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Current Affairs 25 March 2019 Digest 1: Italy joins China’s Economic Silk Road project, Oman allows US military to use its ports

Italy has signed a non-binding protocol with China to take part in the nation’s Belt and Road Initiative, which aims to link China with Europe. With the move, Italy has become the first country to sign up for the massive project.

Mar 25, 2019 11:34 IST
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Story 1 -Italy, China sign new 'Silk Road' protocol

Italy on March 23, 2019 signed a "non-binding” protocol with China to take part in the nation’s Belt and Road Initiative (BRI), which aims to link China with Europe.

With the move, Italy has become the first G-7 country to sign up for the massive project, which is seen as a new Silk Road that will have trade links stretching from Asia to Europe.  In doing so, Italy has sparked unease in the United States and its European Allies, who have previously expressed concern over China's growing global influence.

Note

The agreement was signed during Chinese President Xi Jinping’s visit to Rome, Italy’s capital. It was signed by Italy’s Deputy Prime Minister Luigi Di Maio and Chairman of China’s National Development Commission, He Lifeng.

Overall, 29 deals amounting to 2.8bn were signed during Chinese President Xi Jinping's visit to Italy. It was agreed that while big Italian gas, energy and engineering firms will be offered entry into the Chinese market, China's Communications and Construction Company will be given access to the port of Trieste to enable links to Central and Eastern Europe. China will also be involved in developing the port of Genoa.

Economic Silk Road: Everything you need to know!

The Belt and Road Initiative (BRI) or the Silk Road Economic Belt and the 21st-century Maritime Silk Road is a development strategy adopted by the Chinese government involving infrastructure development and investments in 152 countries and international organisations in Europe, Asia, Middle East, Latin America and Africa.

The initiative was unveiled by Chinese President Xi Jinping in September and October 2013 during visits to Kazakhstan and Indonesia.

The "Belt" refers to the overland routes for road and rail transportation called the Silk Road Economic Belt, whereas road refers to the sea route corridors or the 21st Century Maritime Silk Road. The Maritime Silk Road initiative was first proposed by Xi Jinping during a speech to the Indonesian Parliament in October 2013.

Until 2016 the initiative was officially known as One Belt and One Road initiative but the official name was changed as China felt that the emphasis on the word "one" will be prone to misinterpretation.

According to China, the initiative is a bid to enhance regional connectivity and embrace a brighter future, while critics of the initiative see it as a push for Chinese dominance in global affairs with a China-centered trading network.

Besides this, the levels of debt owed by African and South Asian nations to China have raised concerns in the West.

How would it benefit Italy?

Despite being one of the world's top 10 largest economies, Italy slipped into recession at the end of 2018 and its national debt levels have been among the highest in the eurozone.

In the midst of this, the new deal with China will open the prospect of new projects for Italian firms, it will also open up the Chinese market for Italian oranges as well as pave way for a partnership between Chinese tourism giant Ctrip with Italian airports.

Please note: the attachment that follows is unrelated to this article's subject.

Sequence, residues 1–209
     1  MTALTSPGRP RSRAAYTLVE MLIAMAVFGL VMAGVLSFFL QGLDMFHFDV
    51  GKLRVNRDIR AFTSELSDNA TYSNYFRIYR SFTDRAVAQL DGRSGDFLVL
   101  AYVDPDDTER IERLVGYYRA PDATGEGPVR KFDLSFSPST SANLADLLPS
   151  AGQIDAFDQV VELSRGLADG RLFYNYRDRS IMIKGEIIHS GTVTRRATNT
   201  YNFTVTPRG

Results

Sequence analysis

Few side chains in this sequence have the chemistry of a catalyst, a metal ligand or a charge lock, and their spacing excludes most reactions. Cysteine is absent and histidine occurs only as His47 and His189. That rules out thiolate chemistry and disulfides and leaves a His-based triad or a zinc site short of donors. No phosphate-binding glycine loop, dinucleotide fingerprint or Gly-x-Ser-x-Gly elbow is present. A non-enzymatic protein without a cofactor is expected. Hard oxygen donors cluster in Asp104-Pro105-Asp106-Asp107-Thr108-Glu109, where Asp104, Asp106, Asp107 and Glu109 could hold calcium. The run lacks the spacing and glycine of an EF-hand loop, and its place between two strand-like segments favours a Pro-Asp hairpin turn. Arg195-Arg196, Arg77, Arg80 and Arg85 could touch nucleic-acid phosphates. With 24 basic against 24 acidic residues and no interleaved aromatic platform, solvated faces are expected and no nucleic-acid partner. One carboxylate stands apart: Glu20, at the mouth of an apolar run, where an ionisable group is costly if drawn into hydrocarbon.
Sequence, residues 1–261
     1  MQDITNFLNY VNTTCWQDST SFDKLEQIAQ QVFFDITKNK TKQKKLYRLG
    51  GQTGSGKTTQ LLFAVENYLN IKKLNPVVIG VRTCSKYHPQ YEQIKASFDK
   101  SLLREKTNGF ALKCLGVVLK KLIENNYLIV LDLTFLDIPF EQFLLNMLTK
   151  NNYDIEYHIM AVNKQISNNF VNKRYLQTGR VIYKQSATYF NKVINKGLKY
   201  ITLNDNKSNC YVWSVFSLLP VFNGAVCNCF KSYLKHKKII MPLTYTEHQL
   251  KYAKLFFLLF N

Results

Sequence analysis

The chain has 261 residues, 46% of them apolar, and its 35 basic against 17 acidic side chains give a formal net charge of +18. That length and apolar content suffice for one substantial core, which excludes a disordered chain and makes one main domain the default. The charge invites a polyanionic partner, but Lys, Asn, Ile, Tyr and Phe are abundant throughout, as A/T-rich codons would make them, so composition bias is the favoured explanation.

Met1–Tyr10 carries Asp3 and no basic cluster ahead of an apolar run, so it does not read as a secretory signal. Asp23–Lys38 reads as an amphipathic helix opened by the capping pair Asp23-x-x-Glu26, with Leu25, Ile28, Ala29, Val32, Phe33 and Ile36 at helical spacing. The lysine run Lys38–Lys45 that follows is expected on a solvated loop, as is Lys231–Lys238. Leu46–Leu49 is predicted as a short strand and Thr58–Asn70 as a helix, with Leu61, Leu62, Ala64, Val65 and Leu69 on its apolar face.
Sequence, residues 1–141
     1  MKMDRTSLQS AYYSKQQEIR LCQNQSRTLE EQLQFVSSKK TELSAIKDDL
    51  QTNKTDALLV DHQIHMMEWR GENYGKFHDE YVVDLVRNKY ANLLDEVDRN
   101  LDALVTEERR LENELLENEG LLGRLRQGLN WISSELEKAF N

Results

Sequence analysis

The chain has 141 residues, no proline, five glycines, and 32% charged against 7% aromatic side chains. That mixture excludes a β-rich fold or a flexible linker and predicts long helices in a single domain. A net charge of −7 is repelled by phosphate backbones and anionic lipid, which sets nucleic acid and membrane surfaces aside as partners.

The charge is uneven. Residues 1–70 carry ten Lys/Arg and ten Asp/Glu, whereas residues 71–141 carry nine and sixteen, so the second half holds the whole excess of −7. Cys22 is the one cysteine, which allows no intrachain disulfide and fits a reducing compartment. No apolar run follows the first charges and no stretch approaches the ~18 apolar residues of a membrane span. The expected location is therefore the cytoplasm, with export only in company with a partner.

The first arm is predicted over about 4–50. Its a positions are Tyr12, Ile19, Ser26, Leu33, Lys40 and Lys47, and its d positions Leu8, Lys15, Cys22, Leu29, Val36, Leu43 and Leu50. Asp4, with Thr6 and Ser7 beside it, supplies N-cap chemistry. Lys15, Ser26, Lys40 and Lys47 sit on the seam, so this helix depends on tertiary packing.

The deal also promises to enhance the cultural tie-ups between the two nations with China pushing to have several Serie A football matches played in China.

Background

According to critics, China’s ambitious new economic Silk Road is predatory and it overwhelmingly favours China and Chinese companies.

In a show of dissent, Italy’s other Deputy Prime Minister, Matteo Salvini, who heads the right-wing League, was conspicuously absent from all official ceremonies during Chinese President Xi’s visit.

Salvini has notably urged caution about using Chinese telecom giant Huawei's next-generation 5G mobile technology.

In fact, the United States has warned its European allies that Huawei could use its 5G technology as a backdoor for spying, a claim that China has strongly rejected.

Story 2- Oman signs deal to allow US military to use its ports

Oman on March 24, 2019 signed an agreement with the United States, allowing American ships and warplanes to take advantage of its ports and airports.

The framework agreement is aimed at bolstering Oman-US military relations. It was signed between the defence ministries of both the nations.

Key Highlights

The agreement will allow the US forces to take advantage of the facilities offered at some of Oman’s ports and airports during visits of the US military vessels and aircraft, particularly in the port of Duqm.

The Duqm port is located in southern Oman on the Arabian Sea and around 500 kilometres from the Strait of Hormuz.

The Strait of Hormuz is crucial to global energy supplies, with about a third of the world's seaborne oil passing through it every day.

The narrow waterway is also an international transit route through which American forces routinely pass. It has, in fact, witnessed tense encounters between the American and Iranian forces in the past.

Background

The United States has a number of military bases across the Gulf with the largest in Qatar with about 10,000 troops.

Shiite Iran has repeatedly threatened to block the strait due to tensions with Sunni-ruled Gulf nations, including its main regional rival Saudi Arabia.

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